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Galerie Jette Rudolph presents Klaus-Martin TREDER - Colour Garden

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27 May 2016 to 15 July 2016
open: Tues- Sat 12- 6 pm
Galerie Jette Rudolph
Strausberger Platz 4
D- 10243
Berlin
Germany
Europe
T: +49 (0)-30- 613 03 887
F: +49 (0)-30- 613 03 887
M:
W: jette-rudolph.de











Klaus-Martin Treder, COLOUR GARDEN 02 (detail), 2015
Mixed media on canvas. 200 x 100 cm
Photo: Lepkowski Studios


Artists in this exhibition: Klaus-Martin Treder


Klaus-Martin TREDER
Colour Garden

Opening: Friday, 27 of May 2016, 6 - 10 pm

In the exhibition entitled “Colour Garden,” Klaus-Martin Treder (born in 1961 in Biberach; lives and works in Berlin) presents an interconnected series of eight equal-sized canvases as well as a sculptural arrangement in different colors, featuring minimally curved metal rods and utilizing the room’s full height.

Every canvas serves up a rich, monochrome splash of color that covers the canvas all over, at times creating the effect of a cratered landscape. Drops and splatters are scattered across these color landscapes, isolated or in concentrations, in various shades of the same tone or in different colors for contrast. Moreover, the paintings are also populated with objects, including cosmetics, soap, fake nails, coffee beans, licorice, and other Haribo candy treats, plastic twist ties, or an asthma inhaler – objects you wouldn’t expect to see because they look painterly from a distance. Smears of nail polish leave a trail across the colored surface, thereby indirectly becoming a painting tool. By contrast, the drops of color look like they are artificially elevated, grafted on, applied hyper-distinctly to cast visible shadows, which simultaneously shows that they were produced independently of the image and added later. The physicality of the color material takes plastic shape in the variously formed drops and emerges intensely for us to contemplate.

In his paintings, as in his sculptures and objects, Klaus-Martin Treder appropriates art-historical memories of such strategies as the Readymade or Minimal art. He combines these with references to the methodologies of piracy by assembling everyday components. However, Treder is affected differently by this culture of sampling, remixing and mashups that has been adapted from fashion, music and design. Instead, it makes him ask tongue-in-cheek questions that are situated halfway between everyday life and the art world – questions like “Why a picture?” and “Why painting?”. The homogeneity of his canvases negates any inscription of a personal style, segueing as it does from a position of “atemporality” (William Gibson) and as such putting the emphasis on an elastic understanding of the present.  But it also steers clear of playing with the promiscuity of styles, in that Treder keeps insisting on the performative and decidedly material dimensions characterizing the act of image generation.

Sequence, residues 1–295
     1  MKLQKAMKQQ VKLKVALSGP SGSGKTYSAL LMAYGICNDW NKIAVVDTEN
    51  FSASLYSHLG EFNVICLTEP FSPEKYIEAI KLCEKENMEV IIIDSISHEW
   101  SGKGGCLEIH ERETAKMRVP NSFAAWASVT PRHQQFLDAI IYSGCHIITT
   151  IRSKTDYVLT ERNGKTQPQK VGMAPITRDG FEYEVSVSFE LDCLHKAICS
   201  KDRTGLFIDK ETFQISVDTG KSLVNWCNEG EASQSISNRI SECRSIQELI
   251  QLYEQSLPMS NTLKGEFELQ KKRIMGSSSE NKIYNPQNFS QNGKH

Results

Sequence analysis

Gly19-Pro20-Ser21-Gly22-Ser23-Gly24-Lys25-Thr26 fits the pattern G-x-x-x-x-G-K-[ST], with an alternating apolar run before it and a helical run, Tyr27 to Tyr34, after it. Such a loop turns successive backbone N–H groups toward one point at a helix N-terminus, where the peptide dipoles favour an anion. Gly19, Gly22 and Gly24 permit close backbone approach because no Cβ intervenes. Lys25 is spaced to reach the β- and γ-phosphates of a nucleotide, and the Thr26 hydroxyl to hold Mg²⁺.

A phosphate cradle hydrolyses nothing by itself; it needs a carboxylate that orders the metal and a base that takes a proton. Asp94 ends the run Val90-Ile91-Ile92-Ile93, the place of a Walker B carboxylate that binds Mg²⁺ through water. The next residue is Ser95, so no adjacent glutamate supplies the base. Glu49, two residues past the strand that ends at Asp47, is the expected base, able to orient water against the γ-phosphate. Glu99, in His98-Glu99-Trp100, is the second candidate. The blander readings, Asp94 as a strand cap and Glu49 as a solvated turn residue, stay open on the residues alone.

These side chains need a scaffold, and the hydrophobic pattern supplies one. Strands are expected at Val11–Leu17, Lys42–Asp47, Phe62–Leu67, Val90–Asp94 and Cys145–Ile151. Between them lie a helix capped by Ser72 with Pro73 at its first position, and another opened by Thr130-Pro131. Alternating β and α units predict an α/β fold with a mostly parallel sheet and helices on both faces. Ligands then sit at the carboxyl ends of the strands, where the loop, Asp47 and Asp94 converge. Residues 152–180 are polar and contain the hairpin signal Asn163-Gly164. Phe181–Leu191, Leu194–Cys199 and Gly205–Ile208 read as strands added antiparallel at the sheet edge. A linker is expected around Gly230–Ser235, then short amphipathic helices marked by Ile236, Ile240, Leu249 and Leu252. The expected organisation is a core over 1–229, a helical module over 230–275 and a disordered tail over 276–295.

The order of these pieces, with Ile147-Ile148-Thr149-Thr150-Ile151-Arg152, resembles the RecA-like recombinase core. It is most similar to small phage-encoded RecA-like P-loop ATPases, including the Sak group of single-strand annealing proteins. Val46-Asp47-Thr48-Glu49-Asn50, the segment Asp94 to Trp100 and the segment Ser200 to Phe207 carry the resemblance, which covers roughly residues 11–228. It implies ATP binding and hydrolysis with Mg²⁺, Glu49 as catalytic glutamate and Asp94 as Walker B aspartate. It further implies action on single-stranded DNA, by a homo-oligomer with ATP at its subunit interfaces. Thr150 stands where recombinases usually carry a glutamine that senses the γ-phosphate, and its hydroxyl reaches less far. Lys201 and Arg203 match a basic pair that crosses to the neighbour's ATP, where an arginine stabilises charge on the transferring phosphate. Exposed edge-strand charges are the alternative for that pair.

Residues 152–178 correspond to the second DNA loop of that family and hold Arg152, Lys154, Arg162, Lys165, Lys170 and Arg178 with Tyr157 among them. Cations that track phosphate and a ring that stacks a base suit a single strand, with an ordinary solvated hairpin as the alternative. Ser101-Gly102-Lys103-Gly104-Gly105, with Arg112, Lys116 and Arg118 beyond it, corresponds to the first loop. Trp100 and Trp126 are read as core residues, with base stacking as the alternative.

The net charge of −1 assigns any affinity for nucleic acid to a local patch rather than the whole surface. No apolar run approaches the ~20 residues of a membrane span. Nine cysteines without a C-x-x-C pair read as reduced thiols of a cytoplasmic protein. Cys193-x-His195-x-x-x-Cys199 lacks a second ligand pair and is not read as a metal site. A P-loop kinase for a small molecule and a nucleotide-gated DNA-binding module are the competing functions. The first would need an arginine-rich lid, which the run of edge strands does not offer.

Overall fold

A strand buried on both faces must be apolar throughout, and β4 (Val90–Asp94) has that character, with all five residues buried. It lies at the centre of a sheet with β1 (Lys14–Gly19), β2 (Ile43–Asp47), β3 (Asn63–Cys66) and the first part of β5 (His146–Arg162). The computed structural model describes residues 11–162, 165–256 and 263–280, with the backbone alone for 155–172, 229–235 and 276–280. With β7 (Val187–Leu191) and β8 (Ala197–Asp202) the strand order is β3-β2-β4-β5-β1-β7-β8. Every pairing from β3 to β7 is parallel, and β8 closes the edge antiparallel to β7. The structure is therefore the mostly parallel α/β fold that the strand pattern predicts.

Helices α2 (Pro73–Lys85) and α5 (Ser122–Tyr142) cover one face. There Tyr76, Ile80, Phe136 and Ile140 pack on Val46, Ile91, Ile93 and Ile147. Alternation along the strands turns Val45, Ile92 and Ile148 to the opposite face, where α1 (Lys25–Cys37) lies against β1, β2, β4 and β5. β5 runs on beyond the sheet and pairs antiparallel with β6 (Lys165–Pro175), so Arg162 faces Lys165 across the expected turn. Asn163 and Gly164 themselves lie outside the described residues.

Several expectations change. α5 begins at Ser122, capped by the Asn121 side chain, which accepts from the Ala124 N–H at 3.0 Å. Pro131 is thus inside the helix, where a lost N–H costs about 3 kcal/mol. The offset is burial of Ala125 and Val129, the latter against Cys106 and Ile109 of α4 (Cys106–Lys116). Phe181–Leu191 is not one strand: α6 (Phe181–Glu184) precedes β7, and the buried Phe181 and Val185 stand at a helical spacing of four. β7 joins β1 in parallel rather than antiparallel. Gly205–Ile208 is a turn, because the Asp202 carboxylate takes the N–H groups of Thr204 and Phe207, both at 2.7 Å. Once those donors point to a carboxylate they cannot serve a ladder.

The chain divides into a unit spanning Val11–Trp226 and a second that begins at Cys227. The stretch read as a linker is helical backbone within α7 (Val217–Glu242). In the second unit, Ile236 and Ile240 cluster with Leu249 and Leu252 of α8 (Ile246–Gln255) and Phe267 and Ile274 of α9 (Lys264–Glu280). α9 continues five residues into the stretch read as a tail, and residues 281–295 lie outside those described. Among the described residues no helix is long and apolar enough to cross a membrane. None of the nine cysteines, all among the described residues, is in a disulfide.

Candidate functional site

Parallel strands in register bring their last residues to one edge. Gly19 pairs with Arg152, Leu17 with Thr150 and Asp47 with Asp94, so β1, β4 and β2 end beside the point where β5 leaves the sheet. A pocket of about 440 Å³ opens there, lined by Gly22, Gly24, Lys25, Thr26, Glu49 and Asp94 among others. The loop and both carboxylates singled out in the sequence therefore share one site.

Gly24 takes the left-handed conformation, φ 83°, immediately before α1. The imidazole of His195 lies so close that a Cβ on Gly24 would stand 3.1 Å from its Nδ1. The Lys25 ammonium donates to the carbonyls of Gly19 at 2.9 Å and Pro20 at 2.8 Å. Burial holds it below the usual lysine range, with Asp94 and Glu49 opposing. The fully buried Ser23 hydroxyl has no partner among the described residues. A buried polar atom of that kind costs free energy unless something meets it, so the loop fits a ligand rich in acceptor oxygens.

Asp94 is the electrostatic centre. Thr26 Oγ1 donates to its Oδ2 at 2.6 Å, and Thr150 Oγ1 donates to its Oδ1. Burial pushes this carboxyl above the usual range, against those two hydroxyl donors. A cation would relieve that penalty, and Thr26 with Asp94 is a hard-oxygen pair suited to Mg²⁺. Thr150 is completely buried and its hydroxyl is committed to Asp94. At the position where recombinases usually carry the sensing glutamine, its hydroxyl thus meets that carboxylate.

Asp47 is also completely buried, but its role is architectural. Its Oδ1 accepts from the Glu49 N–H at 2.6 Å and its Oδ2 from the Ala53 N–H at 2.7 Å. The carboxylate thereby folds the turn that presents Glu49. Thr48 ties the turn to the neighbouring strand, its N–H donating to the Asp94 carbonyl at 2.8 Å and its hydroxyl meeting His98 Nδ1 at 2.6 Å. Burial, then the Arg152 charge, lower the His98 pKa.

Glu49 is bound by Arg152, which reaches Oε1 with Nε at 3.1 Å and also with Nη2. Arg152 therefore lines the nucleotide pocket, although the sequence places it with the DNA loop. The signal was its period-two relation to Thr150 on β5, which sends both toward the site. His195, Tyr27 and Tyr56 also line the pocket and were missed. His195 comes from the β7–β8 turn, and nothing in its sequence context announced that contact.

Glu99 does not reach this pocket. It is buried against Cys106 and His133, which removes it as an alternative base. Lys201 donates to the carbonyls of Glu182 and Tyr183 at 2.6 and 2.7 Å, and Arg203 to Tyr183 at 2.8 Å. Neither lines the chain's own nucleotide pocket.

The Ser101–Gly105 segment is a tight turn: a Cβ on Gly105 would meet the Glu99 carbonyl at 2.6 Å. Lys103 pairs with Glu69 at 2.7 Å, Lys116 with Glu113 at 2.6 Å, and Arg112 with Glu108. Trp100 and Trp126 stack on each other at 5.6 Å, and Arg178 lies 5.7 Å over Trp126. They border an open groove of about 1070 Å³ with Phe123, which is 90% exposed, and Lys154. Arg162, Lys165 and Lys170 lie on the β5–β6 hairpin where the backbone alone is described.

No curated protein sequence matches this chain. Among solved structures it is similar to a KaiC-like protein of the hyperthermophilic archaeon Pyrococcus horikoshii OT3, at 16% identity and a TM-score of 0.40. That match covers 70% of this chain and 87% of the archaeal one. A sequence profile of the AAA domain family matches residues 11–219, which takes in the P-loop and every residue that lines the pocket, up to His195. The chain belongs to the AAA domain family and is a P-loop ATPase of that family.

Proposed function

In view of this method, it becomes clear that Treder’s relationship to the gesture is clearly analytical and even rhetorical. As a collage-borne gesture, the art of painting takes place as an event in the image – if doubly abstracted. By putting to use the various applications and mockups, it manages to establish a metalevel. Painting becomes an action that discloses its calculated traces.

In addition, there’s a tension created by way of the objects in the painting: A tension between the supposedly subjective expression of painting within the artwork and the alien material embedded within; between individuality and mass product, between private and public. The sense of self-sufficiency and self-expression assigned to the art of painting – still effective, even if just feigned – collides with the objective aspect of that which is generally available, the Readymade. But the confrontation becomes the occasion for something beyond, a painterly synthesis: The three-dimensionality of the objects morphs into the two-dimensionality of the image, thus becoming an integral part of the staged enactment, whose goal is to create a picture which, at the same time, is based on Marcel Duchamp’s approach to art: “Since the tubes of paint used by the artist are manufactured and readymade products, we must conclude that all the paintings in the world are ‘readymades aided’ and also works of assemblage.”

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Galerie Jette Rudolph GmbH
Strausberger Platz 4, D-10243 Berlin
T, F: +49-30-613 03 887, mobil +49-177-613 03 88
galerie@jette-rudolph.de
www.jette-rudolph.de



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